Transport Mode: In transport mode, only the payload of the data section is encrypted and encapsulated. By doing so, the overhead is significantly smaller than in tunnel mode, but an attacker can easily read the metadata and find out who is communicating with whom. However, the data is encrypted and therefore protected, which makes IPsec a real "private" VPN solution.
IPsec's security model is probably the most complex of all existing VPN solutions and will be discussed in brief in the next chapter.
It is also possible to establish VPN tunnels only on the application layer. Secure Sockets Layer (SSL) and Transport Layer Security (TLS) solutions follow this approach. The user can access the VPN network of a company through a browser connection between his or her client and the VPN server in the enterprise. A connection is simply started by logging into an HTTPS-secured website with a browser. Meanwhile, there are several promising products available, like SSL-Explorer from http://3sp.com/showSslExplorer.do, and products like these offer great flexibility combined with strong security and easy setup. Using the secure connection the browser offers, users can connect network drives and access services in the remote network. Security is achieved by encrypting traffic using SSL/TLS mechanisms, which have proven to be very reliable and are permanently improved and tested.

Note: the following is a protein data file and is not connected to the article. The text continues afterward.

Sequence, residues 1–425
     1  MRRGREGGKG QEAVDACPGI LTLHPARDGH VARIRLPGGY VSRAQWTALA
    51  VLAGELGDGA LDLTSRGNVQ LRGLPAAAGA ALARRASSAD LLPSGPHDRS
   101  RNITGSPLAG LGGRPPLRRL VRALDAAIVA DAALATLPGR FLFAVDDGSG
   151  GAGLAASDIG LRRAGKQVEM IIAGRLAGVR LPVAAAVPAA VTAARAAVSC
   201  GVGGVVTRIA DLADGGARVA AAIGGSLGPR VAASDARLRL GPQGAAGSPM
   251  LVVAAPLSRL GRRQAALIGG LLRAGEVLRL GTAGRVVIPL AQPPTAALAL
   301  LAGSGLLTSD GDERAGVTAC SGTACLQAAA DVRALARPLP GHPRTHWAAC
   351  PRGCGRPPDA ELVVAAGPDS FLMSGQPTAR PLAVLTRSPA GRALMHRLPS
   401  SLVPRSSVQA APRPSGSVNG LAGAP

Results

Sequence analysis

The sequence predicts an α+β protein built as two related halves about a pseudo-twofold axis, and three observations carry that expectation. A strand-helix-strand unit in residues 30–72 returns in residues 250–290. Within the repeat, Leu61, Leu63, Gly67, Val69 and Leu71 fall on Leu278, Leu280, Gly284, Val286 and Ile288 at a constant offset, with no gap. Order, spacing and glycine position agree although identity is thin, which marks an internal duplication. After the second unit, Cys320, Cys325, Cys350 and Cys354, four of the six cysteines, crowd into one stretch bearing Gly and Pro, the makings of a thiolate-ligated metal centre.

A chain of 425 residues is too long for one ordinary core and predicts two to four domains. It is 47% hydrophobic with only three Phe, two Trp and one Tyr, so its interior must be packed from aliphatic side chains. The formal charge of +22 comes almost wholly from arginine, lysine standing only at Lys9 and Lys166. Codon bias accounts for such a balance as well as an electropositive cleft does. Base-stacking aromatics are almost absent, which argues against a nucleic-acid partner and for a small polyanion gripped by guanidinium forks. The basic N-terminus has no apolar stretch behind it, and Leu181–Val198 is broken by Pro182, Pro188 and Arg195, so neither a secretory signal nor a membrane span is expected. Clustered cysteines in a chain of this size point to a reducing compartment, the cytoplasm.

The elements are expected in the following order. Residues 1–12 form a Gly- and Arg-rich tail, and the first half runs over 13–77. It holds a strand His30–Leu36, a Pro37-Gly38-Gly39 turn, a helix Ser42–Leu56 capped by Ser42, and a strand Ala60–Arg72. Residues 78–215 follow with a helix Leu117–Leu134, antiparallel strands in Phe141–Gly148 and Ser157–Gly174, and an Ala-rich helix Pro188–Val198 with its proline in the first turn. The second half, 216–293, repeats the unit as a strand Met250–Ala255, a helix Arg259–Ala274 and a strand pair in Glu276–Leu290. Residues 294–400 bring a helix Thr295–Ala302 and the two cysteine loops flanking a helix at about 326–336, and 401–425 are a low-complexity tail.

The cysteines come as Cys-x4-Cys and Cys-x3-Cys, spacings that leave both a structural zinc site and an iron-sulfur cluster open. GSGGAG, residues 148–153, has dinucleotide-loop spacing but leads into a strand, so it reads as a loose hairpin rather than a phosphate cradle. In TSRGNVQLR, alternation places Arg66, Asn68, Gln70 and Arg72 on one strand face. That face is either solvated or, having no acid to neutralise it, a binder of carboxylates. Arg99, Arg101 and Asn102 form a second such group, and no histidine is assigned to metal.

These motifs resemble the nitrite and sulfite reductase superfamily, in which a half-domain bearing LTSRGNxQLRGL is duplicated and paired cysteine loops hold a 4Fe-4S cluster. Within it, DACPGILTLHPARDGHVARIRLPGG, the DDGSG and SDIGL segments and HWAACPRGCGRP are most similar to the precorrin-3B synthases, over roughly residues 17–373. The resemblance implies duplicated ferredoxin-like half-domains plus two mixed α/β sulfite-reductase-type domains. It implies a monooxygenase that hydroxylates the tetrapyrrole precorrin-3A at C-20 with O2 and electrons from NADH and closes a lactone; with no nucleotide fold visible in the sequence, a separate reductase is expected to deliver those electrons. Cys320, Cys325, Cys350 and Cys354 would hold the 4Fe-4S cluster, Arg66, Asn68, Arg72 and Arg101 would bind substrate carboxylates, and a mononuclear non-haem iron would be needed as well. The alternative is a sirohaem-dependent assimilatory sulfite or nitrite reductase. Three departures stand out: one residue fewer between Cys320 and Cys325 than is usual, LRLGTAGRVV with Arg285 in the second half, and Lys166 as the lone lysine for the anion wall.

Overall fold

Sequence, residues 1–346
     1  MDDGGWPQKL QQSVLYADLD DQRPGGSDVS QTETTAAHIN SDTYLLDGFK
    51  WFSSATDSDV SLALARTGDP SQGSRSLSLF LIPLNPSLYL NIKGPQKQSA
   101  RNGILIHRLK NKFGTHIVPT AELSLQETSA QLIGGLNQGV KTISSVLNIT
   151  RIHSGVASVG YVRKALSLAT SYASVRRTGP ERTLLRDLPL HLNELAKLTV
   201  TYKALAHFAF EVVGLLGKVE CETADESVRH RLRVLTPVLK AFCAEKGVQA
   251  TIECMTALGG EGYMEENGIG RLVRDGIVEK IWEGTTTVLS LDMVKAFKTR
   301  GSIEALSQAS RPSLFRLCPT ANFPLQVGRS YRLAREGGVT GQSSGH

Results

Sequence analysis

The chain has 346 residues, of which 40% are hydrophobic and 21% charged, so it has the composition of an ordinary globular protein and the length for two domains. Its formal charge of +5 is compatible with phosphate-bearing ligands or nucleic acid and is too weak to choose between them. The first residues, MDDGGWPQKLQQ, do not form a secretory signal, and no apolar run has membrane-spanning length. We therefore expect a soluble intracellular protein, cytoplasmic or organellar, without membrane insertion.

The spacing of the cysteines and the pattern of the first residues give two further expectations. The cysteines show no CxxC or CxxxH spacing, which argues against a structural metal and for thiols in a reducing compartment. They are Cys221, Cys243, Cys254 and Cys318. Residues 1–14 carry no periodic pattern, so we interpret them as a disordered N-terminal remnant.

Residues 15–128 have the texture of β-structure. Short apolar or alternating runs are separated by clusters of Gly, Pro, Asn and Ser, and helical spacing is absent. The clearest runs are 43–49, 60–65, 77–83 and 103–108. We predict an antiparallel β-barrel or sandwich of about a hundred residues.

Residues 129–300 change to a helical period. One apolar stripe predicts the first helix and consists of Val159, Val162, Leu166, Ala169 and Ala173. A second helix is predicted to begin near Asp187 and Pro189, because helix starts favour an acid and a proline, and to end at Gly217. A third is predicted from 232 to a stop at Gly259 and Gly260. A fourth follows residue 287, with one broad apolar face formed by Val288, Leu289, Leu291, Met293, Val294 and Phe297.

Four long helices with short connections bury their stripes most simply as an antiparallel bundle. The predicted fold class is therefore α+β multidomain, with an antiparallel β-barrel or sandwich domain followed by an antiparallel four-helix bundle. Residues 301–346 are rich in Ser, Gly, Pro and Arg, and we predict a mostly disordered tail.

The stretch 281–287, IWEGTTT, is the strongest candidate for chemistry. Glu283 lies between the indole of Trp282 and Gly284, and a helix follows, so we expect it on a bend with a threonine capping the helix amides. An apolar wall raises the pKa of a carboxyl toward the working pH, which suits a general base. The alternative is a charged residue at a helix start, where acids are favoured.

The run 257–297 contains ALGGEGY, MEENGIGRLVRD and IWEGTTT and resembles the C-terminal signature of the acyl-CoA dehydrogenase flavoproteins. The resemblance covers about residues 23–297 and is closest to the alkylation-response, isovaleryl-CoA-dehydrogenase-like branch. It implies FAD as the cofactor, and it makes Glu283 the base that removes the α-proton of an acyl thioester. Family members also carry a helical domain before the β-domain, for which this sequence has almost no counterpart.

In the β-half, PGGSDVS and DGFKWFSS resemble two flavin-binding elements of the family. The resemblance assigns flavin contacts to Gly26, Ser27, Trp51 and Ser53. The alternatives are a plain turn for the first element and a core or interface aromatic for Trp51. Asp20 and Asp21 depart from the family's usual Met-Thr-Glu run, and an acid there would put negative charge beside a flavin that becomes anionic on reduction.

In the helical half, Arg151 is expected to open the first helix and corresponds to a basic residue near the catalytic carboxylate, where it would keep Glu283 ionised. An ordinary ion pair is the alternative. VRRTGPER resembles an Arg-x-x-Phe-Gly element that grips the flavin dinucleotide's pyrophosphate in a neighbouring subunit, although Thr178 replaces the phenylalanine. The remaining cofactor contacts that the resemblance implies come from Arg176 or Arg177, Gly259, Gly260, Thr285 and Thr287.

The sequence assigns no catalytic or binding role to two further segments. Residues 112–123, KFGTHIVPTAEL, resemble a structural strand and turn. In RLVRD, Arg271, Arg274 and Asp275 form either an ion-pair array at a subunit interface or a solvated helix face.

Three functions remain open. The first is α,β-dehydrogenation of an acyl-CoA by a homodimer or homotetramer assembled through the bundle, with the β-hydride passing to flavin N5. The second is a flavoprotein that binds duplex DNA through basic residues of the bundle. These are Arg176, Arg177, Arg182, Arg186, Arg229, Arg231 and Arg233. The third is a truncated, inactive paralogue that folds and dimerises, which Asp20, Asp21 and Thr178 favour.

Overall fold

OpenVPN is a newer and an outstanding VPN solution. It implements Layer 2 or Layer 3 connections, uses the industry standard SSL/TLS for encryption, and combines almost all features of the mentioned VPN solutions. Its main disadvantage is the fact that there are still few hardware manufacturers integrating it in their solutions.
In this chapter, you have learned about techniques that have been and are used in companies that have computer networks spanning over several branches. You have learned network basics like protocols, networking layers, the OSI reference model, and which VPN solutions work on which layer. You have read what tunneling is, how it works, and how different VPN solutions implement it.